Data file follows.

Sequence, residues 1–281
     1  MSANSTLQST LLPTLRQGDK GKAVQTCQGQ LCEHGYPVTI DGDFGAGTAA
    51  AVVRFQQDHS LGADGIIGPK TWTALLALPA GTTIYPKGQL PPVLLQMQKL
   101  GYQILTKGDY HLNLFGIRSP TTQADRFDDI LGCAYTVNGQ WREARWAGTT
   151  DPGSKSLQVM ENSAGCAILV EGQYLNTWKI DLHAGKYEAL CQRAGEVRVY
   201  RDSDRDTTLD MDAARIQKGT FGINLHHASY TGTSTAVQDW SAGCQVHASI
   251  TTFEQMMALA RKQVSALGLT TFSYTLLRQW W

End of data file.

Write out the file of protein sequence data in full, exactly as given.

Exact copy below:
Sequence, residues 1–281
     1  MSANSTLQST LLPTLRQGDK GKAVQTCQGQ LCEHGYPVTI DGDFGAGTAA
    51  AVVRFQQDHS LGADGIIGPK TWTALLALPA GTTIYPKGQL PPVLLQMQKL
   101  GYQILTKGDY HLNLFGIRSP TTQADRFDDI LGCAYTVNGQ WREARWAGTT
   151  DPGSKSLQVM ENSAGCAILV EGQYLNTWKI DLHAGKYEAL CQRAGEVRVY
   201  RDSDRDTTLD MDAARIQKGT FGINLHHASY TGTSTAVQDW SAGCQVHASI
   251  TTFEQMMALA RKQVSALGLT TFSYTLLRQW W